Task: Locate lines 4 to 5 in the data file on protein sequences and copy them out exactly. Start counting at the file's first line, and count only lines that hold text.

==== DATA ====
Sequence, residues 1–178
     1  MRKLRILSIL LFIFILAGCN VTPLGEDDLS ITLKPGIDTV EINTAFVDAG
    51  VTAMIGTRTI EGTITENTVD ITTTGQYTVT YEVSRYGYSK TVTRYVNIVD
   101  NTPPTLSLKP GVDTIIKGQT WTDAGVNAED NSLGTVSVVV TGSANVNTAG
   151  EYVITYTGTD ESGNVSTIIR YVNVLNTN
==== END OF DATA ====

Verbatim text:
   101  NTPPTLSLKP GVDTIIKGQT WTDAGVNAED NSLGTVSVVV TGSANVNTAG
   151  EYVITYTGTD ESGNVSTIIR YVNVLNTN